The well-mannered debate in Germany over European monetary union is rapidly degenerating into a party political brawl, as the opposition Social Democrats prepare to turn it into an election issue.
The project, which has earned the contempt of the majority of Germans and sown division within the government, is about to be ambushed by the once Euro-friendly SPD. For next month's regional elections in Baden-Wurttemberg, the party has produced a poster with the words: "Stability and jobs have priority now. Postpone EMU."
Though the slogan is not exactly snappy, it is certain to catch on. The combination of falling government revenue in the middle of an economic downturn and rising unemployment is suddenly shifting the focus to the shackles imposed by the monetary union criteria. No longer concerned about the abolition of the German mark, the opposition now argues that the 3 per cent limit on the government's budget deficit - one of the conditions for EMU membership - will prevent Germany from spending its way out of recession.
Today the government is set to announce that unemployment has passed 4 million - a figure not reached since the dying days of the Weimar Republic. As the economic slowdown closes down factories in Germany's industrial heartland, Chancellor Helmut Kohl will come under immense pressure to cut taxes and boost spending, sweeping aside the Maastricht criteria for the sake of the national economy.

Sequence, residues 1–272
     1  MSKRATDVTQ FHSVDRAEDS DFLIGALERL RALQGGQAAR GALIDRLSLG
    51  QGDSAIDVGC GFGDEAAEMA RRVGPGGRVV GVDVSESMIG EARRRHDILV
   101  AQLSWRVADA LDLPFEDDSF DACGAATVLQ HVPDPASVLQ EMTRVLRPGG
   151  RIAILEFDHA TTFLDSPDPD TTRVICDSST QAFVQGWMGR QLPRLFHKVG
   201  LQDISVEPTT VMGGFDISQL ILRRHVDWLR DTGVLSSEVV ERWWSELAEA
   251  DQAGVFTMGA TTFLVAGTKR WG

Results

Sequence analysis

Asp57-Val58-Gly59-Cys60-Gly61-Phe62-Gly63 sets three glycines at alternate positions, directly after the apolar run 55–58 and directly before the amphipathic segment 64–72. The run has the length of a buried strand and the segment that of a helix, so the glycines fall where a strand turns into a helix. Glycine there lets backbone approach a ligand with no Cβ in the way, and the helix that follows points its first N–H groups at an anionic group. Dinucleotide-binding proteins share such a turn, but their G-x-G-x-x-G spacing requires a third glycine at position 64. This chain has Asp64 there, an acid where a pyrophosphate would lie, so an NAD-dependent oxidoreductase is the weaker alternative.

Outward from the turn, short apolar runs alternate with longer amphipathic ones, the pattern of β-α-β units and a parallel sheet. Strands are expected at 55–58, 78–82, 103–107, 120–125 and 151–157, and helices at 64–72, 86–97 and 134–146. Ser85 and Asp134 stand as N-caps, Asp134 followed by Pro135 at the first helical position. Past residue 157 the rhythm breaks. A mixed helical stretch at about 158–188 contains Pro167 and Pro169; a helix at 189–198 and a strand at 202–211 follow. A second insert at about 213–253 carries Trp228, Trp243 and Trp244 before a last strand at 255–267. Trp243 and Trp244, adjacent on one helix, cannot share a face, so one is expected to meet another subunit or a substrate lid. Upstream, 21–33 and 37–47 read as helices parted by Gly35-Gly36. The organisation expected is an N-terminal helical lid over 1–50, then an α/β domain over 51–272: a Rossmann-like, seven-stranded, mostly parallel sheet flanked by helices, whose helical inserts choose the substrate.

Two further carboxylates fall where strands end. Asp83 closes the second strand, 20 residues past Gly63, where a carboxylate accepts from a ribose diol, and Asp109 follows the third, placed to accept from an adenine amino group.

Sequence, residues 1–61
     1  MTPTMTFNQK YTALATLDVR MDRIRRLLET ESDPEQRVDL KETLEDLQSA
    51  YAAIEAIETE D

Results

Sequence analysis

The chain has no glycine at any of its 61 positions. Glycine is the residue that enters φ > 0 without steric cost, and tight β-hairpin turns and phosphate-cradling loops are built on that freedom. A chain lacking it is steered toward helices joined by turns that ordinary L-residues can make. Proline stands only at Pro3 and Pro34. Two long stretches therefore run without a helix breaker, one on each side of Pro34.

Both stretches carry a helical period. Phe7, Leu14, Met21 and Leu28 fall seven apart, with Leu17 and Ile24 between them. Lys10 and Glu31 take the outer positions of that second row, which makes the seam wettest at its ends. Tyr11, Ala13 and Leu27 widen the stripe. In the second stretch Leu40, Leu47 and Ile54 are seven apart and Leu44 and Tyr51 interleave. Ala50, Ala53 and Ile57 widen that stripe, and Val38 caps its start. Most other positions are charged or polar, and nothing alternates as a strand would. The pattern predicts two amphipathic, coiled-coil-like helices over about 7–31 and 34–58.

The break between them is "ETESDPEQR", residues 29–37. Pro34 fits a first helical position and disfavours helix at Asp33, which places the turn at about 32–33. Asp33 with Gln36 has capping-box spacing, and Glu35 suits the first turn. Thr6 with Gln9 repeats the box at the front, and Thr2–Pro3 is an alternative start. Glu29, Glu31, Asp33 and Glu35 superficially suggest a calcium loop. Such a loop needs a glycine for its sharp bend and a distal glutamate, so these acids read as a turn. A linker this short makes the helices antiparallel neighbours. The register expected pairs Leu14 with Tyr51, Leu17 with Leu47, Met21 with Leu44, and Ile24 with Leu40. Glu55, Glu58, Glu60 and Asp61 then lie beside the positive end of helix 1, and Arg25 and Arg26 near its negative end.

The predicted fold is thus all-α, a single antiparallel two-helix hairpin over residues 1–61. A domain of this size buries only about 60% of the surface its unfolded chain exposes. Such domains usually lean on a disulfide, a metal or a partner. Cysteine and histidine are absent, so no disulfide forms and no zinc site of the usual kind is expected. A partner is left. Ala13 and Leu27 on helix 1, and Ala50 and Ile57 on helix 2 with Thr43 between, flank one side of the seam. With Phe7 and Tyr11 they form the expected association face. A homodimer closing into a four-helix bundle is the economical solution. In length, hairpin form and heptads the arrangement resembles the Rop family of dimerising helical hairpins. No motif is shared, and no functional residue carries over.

The constellation of forces ranged against the Chancellor's increasingly lonely crusade for the European single currency now embraces almost the entire political spectrum, from the Christian Socialists of Bavaria on the right to the SPD and Greens on the left. Though the national SPD leadership officially supports EMU in 1999, the Eurosceptics are beginning to gain the upper hand.
Oskar Lafontaine, the party's leader, is a recent convert to the cause of postponement. On the surface, he appears to back Mr Kohl's insistence that the Maastricht criteria must be met by all participating countries. But, unlike the Chancellor, Mr Lafontaine says it is better to tinker with the timetable of monetary union if member countries cannot meet the targets, and his EMU vocabulary has been enriched in the past few days with the word "jobs".
Bitterness about the European project was evident in a statement issued by the SPD yesterday to mark the fourth anniversary of the signing of the Maastricht treaty. The SPD's spokeswoman on Europe, Heidemarie Wieczorek- Zeul, the party's leading Europhile, lamented the lack of a Europe-wide policy on employment, pointing out that economic integration has produced 18 million jobless in the EU. Though she avoided the word "postponement", it was clear that the SPD would not permit a relaxation in the rules of membership. Since Germany itself is finding it impossible to meet the targets, the implication of this policy is that Europe's largest economy will not be allowed to join up in 1999.
Similar conclusions are being drawn on the government benches, though few dare to voice their fears in public.The last person to do so, Wolfgang Schauble, the leader of Mr Kohl's parliamentary group, was forced to eat his words a day later.
Mr Schauble had said that the government would consider postponement on the eve of the project. Not so, retorted the Foreign Minister, Klaus Kinkel: "The German government remains unreservedly intent on introducing the third stage of economic and monetary union on time on 1 January, 1999." Witnesses claim Mr Kinkel appeared to adopt the posture of an ostrich as he made his remark.